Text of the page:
He said that they had so much paperwork and inventory, Valley could use more help too. But we told him where we were calling from and he had almost insisted we take a plane back.
But Rocco countered: "See you next Wednesday, Uncle Bill."
It was while on the train the next day, and looking out over the forest of Wisconsin, that Rocco started wondering to me how come his Uncle Bill or Aunt Valley, never made any comment about us even though he had to suspect about our relationship.
"You could always ask him. You seem to have gotten a bit pluckier lately."
"Pluckier? Where'd you get hold of that word?" We had been playing a game of backgammon, and I almost dumped the entire thing as he poked me in the ribs.
"Damn Rocco behave." I blocked the next thrust with my hook and he complained as usual.
"It's just so nice feeling free. I just wish other people could just live and let us live. You realize that only while we are traveling through Illinois will we be legally allowed to have sex? Too bad that state doesn't have some nice mountains. I might think of moving there."
"Well, that attendant last night was sure delighted. And this morning proved even more interesting. I couldn't believe the service we got at breakfast."
"You're right. I think the cook was somehow involved. Maybe he was even that guy's partner. He wouldn't even let us pay for the meal."
"I wonder what it'd be like forever riding back and forth from Seattle to Chicago. Would they even look at the scenery anymore?"
We changed trains again in Chicago. And a day later we finally arrived at Penn Station. We had left a lot of our stuff locked in the car a couple thousand miles back. We just had a couple rucksacks and two suitcases. We took the el to Bridge Street where we met BJ. I had called ahead and BJ insisted on meeting us there. And he even had a different truck. This one was only 2 years old.
All kinds of complications were going on since we got back to the city. We were again staying with the Webster's in my old room. Tim wasn't around quite as much in the middle of summer break. A third friend had joined with him and Billy this summer and the three of them were trying to break all records of how much trouble they could get into. And I had hoped that Billy would temper Tim. When Mrs. Webster started complaining about the M-60's they somehow bought illegally and set off right behind the house I thought Rocco was going to burst out laughing. If she ever knew! And they had become so enamored of the red efts the year before that they had eventually purchased a dozen small chameleons and Tim had this huge terrarium set up now in his room. And he forgot to put the top back on last week. There was still one lizard unaccounted for. And then there was the incident with Tim and Billy racing down the path in the park on their bikes and he ran into a poor woman. Mrs. Webster paid for her doctor bills. And the time Billy hit Tim (accidentally) on the back of the head with that rock while playing on the train tracks (which they weren't allowed near).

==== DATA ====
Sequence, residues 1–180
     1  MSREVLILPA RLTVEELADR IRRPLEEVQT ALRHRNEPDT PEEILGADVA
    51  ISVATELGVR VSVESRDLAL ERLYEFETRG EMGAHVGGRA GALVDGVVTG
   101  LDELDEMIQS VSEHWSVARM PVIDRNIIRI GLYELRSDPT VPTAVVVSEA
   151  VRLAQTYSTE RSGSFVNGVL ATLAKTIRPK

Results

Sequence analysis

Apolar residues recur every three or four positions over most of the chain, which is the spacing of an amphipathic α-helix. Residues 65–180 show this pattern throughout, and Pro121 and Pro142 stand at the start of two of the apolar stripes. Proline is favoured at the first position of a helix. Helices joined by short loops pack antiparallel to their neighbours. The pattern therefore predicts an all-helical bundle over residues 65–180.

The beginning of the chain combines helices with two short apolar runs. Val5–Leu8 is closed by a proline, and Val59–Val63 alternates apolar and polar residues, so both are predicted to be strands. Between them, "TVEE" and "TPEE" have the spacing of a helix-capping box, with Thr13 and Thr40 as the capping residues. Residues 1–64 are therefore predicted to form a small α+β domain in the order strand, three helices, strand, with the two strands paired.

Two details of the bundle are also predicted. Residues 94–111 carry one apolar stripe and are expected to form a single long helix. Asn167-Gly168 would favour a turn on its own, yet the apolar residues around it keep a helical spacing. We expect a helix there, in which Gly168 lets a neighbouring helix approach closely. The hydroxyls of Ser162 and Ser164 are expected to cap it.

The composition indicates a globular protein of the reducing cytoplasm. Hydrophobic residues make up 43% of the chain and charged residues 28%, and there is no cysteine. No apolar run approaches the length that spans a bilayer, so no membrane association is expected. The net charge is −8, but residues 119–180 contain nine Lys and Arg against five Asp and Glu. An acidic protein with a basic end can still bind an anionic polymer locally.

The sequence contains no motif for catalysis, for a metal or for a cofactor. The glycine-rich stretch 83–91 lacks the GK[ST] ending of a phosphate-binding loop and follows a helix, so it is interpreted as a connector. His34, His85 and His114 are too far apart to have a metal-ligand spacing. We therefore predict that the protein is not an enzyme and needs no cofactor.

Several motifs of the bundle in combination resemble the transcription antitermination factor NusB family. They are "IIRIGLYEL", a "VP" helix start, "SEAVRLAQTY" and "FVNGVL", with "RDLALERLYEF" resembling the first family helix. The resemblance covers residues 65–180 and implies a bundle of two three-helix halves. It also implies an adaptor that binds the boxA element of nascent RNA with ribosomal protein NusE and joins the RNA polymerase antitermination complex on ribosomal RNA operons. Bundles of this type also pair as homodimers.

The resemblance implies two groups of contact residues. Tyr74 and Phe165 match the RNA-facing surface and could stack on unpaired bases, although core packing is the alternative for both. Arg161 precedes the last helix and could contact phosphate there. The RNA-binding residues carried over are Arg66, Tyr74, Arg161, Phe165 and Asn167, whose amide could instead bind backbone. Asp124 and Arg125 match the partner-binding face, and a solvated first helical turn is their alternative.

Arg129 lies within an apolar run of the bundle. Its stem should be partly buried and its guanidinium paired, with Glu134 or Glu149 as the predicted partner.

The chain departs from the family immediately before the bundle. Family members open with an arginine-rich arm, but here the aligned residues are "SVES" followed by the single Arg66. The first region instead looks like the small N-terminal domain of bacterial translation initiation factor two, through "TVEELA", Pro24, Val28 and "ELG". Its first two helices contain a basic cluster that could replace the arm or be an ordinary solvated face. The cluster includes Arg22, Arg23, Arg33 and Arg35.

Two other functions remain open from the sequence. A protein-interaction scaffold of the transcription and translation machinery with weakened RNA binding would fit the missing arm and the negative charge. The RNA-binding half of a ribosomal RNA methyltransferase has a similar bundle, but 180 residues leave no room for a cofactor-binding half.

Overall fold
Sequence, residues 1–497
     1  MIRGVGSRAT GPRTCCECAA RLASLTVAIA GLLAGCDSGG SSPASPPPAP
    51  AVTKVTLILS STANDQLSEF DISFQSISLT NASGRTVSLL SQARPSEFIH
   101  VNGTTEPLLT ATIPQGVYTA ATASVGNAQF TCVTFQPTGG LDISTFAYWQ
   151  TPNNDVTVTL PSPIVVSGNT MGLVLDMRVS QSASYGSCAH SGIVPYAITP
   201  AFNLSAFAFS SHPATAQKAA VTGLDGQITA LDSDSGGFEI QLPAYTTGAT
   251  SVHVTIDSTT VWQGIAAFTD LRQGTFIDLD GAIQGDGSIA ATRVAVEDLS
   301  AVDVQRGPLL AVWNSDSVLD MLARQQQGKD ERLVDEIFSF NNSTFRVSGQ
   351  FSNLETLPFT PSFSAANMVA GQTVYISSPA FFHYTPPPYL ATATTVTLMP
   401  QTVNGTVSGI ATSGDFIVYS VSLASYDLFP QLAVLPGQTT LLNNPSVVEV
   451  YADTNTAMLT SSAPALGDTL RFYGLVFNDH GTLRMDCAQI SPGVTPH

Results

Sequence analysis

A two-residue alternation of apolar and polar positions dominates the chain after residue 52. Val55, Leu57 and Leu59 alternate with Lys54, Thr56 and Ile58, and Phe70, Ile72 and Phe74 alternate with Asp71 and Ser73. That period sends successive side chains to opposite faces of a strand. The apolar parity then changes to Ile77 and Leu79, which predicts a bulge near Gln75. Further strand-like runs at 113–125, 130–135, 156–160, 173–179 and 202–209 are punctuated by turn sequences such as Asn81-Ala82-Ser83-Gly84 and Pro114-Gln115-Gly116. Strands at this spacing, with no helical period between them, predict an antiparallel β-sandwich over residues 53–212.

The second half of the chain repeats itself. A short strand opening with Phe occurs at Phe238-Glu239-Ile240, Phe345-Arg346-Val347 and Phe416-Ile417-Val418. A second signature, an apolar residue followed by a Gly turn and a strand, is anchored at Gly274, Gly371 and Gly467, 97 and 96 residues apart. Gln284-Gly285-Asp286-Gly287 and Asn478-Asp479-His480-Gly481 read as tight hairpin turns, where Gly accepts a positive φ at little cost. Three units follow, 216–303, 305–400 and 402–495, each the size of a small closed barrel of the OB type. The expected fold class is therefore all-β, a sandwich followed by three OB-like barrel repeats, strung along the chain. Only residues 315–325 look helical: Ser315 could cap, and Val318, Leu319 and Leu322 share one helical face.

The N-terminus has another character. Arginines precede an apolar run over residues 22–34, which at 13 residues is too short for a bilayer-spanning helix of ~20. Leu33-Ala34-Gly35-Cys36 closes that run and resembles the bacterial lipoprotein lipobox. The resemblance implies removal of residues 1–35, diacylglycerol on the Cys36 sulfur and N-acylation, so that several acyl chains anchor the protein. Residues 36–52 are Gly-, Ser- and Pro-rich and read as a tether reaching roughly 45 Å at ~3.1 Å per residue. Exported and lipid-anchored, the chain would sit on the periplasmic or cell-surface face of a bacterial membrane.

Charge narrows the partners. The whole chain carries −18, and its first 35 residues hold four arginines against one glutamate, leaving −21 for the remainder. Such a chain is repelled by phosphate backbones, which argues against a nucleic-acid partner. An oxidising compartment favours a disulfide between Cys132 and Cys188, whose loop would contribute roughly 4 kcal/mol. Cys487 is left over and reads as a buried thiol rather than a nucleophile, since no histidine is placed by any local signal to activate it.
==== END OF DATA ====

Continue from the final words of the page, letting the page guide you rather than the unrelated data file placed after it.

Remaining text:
That sounded so familiar. I was thinking about telling Mrs. Webster about how Rocco got that scar on his forehead.
The above was only a sample. "But Mrs. W, look at the bright side." I said. "Because of Billy, at least in part, Tim passed all his school work last year. So Billy's having at least some good affect on Tim. That's a nice bonus."
Mrs. Webster would not be mollified. "It's how Tim's affecting Billy I'm worried about! And this new boy is just as wild."
After talking a while I was starting to get the impression there was something more. "Mrs. W, you have brought up a half dozen boys. This can't be the whole story. So what are you really worried about?" I was suddenly feeling almost paternal.
"Well, I'm jus' worried he's like you two. You know what I mean. It's so hard growin' up that way."
What she just said really surprised me for a number of reasons. One, I didn't think she felt so deeply about how hard it could be or even understood that much about it. The other thing I never suspected Tim to be gay and still didn't think it.
"Mrs. W, I'm pretty sure Tim is NOT `like us' as you put it. And by the way, thanks for realizing just how difficult it can be. If it weren't for Rocco, I'd be one hurting boy. Of course as it is, I think I'm one of the luckiest boys around. But how about me and Rocco just talking to Tim and finding out. And how did you get this notion anyways?"
"Well, it's jus' that Tim and Billy are NEVER separated. They's joined at the hip to be sure. And he NEVER once has talked about any girl, except to complain about them."
"Gees, Mrs. W, he's your typical 13 year old. And as far as girls go, some boys mature much later. Rocco never went thought puberty 'til he was 15."
It was then that Mr. Webster ambled into the kitchen. "Can't an old man sleep in the morning for once? What all this caterwauling about?"
I told him and Mr. Webster just grunted. "Clara, that Tim's a good boy at heart. Don't get yourself so worried up about this. How `bout I talk to the boy. I happen to know about boys and sex if you hadn't noticed by now."
I was glad to see Mr. Webster doing so well. He was in the hospital for only a week, so it couldn't have been too serious a heart attack. Mrs. Webster kept trying to get him from going right back to work with that furniture business that was slowly but surely getting off the ground. They had even rented out the garage from their neighbor to expand. But what Mr. Webster said surprised me a bit. He never seemed especially comfortable with me and Rocco and he never talked to us about our relationship very much.
"But Mr. W, maybe me and Rocco would be better for this if what Mrs. W is worried about happens to be true."